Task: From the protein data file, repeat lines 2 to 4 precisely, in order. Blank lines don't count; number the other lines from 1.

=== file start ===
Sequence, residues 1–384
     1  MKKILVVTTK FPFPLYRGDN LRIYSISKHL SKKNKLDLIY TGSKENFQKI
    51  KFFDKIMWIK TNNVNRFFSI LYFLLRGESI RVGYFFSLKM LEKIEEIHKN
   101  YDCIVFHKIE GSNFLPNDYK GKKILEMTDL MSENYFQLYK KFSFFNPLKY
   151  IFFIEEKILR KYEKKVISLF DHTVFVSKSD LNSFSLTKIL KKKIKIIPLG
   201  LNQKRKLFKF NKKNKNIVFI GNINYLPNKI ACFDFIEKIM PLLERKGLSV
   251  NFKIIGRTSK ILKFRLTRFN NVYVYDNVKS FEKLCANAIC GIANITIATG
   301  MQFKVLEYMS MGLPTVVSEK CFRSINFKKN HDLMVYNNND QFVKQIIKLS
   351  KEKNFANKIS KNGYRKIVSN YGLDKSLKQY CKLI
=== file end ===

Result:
     1  MKKILVVTTK FPFPLYRGDN LRIYSISKHL SKKNKLDLIY TGSKENFQKI
    51  KFFDKIMWIK TNNVNRFFSI LYFLLRGESI RVGYFFSLKM LEKIEEIHKN
   101  YDCIVFHKIE GSNFLPNDYK GKKILEMTDL MSENYFQLYK KFSFFNPLKY